The Diffie-Hellman protocol allows two parties to establish a shared secret over insecure channels, such as the Internet. This protocol allows a secure shared key interchange over the public network, such as the World Wide Web, before any secure session and data transfer is initiated. Diffie-Hellman ensures that, by exchanging just the public portions of the key, both devices can generate a session and ensure that data is encrypted and decrypted by valid sources only. Only public keys (clear text) are exchanged over the public network. Using each device's public key and running the key through the Diffie-Hellmann algorithm generates a common session key. Only public keys will ever be exchanged.
Figure 4-7 displays the Diffie-Hellman exchange between Cisco routers, R1 and R2.
Figure 4-7 Diffie-Hellman Key Exchange
R1 Private Key and 1 R1 Private Key and
Public Key 1. Public keys are exchanged ' 1 ' Public Key in clear text.
2. Random Integer _2_2. Random Integer generated. generated.
+ prime number "A" <-> + prime number "B"
3.Each router uses the random integer to generate a private key. 4
f 4. R1 and R2 then combine with \
the known prime number A and B to generate a public key.
The Diffie-Hellman key exchange takes place over a public domain. With the private key kept secret, it is very difficult for an outside intruder to generate the same key, and the private key is never exchanged over the public domain, making the process very secure.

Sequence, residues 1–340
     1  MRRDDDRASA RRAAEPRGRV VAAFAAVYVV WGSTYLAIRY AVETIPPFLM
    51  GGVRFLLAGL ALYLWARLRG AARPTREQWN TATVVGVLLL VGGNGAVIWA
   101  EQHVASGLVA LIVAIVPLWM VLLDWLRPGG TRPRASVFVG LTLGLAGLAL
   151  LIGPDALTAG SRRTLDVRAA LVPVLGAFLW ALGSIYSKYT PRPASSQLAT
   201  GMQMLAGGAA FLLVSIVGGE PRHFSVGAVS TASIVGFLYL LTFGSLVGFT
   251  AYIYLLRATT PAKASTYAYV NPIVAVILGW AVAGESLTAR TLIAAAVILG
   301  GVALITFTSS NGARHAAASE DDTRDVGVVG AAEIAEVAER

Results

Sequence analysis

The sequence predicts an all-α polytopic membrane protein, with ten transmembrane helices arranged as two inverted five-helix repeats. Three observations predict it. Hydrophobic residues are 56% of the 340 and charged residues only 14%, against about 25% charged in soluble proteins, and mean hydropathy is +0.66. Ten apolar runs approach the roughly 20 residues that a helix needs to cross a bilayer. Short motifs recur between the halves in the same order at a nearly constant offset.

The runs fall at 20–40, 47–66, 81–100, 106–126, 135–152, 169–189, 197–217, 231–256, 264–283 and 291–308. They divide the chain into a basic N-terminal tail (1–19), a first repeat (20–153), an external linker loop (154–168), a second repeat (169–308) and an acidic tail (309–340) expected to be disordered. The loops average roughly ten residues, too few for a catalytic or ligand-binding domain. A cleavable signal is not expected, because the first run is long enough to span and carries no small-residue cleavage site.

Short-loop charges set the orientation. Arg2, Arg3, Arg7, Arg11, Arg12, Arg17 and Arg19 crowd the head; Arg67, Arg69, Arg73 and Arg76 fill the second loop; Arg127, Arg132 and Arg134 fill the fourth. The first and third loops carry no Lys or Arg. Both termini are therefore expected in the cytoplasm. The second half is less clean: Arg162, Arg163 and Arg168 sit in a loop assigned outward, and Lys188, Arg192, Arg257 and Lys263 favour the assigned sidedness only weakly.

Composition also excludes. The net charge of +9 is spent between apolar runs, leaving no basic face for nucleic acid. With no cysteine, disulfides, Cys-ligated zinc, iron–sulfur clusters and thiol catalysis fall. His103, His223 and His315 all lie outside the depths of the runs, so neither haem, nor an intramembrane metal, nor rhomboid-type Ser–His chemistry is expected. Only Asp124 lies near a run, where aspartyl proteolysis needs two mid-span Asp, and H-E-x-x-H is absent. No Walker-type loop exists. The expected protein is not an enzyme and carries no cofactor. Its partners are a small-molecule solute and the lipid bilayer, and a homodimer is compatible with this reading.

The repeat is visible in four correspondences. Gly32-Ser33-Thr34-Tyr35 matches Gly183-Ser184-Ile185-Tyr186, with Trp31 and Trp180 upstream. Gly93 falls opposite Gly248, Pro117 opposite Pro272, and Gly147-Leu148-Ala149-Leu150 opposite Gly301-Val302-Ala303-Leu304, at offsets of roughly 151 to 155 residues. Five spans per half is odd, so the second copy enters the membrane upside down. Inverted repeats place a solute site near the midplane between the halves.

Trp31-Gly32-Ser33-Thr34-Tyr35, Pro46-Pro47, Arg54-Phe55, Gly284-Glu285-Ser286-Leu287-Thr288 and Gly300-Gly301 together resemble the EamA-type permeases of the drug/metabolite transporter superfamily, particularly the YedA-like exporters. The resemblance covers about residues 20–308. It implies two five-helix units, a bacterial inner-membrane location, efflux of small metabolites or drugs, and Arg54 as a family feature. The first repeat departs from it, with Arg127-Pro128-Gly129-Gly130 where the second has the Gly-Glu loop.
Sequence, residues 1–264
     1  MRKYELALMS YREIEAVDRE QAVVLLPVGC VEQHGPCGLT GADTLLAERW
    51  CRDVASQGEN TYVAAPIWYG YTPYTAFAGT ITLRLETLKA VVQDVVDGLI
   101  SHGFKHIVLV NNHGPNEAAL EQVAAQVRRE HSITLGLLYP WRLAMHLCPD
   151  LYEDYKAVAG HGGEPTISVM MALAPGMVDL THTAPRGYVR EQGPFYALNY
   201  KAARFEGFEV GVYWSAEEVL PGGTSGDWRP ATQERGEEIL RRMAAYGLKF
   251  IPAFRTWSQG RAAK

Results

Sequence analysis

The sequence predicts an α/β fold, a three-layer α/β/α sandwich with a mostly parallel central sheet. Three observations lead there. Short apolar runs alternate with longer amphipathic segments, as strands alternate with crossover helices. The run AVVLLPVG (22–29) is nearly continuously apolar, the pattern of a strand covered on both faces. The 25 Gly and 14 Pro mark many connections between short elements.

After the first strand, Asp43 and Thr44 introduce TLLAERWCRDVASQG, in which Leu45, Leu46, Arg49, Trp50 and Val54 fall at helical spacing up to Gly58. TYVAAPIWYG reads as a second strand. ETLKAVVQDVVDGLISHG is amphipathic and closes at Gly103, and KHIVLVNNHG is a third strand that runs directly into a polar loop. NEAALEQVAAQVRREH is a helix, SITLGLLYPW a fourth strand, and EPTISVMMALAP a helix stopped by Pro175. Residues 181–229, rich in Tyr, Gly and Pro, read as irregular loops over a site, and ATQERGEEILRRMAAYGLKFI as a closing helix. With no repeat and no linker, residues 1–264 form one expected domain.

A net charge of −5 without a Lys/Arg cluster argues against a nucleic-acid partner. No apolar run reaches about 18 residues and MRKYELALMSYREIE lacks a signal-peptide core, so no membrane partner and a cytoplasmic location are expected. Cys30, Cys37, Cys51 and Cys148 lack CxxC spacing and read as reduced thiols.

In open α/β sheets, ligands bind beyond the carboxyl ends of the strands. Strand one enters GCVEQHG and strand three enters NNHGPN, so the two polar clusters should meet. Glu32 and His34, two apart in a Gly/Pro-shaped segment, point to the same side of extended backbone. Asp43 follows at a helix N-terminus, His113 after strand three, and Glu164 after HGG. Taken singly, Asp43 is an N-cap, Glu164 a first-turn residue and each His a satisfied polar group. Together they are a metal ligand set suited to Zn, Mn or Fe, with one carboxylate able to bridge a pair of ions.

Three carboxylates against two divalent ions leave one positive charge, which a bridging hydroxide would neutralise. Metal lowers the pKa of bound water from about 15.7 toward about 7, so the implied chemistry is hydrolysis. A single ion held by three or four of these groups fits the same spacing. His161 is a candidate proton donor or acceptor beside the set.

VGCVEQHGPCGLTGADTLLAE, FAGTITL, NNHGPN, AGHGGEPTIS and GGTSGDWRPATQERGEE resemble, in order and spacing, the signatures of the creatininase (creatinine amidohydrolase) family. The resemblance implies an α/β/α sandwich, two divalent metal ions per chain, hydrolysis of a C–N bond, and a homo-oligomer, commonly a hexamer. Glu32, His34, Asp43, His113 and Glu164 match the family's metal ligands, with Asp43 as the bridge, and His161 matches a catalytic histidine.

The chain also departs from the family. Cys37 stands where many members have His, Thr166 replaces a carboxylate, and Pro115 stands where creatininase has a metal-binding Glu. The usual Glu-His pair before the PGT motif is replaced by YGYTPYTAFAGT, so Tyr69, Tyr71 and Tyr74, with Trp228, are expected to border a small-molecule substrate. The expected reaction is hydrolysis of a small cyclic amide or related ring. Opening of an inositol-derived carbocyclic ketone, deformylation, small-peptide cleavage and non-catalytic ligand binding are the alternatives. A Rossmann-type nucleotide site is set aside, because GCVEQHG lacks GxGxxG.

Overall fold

The shared prime numbers (mathematically, a prime number is any positive integer greater than 1 and divisible without a remainder only by 1 and itself) have a special relationship that makes agreeing on a shared secret possible. An analogy would be to have two milkshake blenders making a chocolate milkshake, but with one blender supplied with apples and the other with oranges. The Diffie-Hellman algorithm is the secret ingredient that, when mixed in with both blenders, produces the chocolate milkshake. Remember, it really is a superb algorithm.
NOTE RSA is another public key cryptographic algorithm (named after its inventors, Rivest, Shamir, and Adleman) with a variable key length. RSA's main weakness is that it is significantly slow to compute compared to popular secret-key algorithms, such as DES or 3DES. The Cisco IKE implementation uses a Diffie-Hellman exchange to get the secret keys. This exchange can be authenticated with RSA (or preshared keys). With the Diffie-Hellman exchange, the DES key never crosses the network, which is not the case with the RSA encryption and signing techniques. RSA is public domain like DES/3DES, and to apply RSA, you must be licensed from RSA Data Security. RSA is also approved by the U.S. government. An RSA signature is defined as the host (for example, PC or routers) public and private key, which is bound with a digital certificate. With RSA, only the public key is ever transmitted—the private key is never shared.
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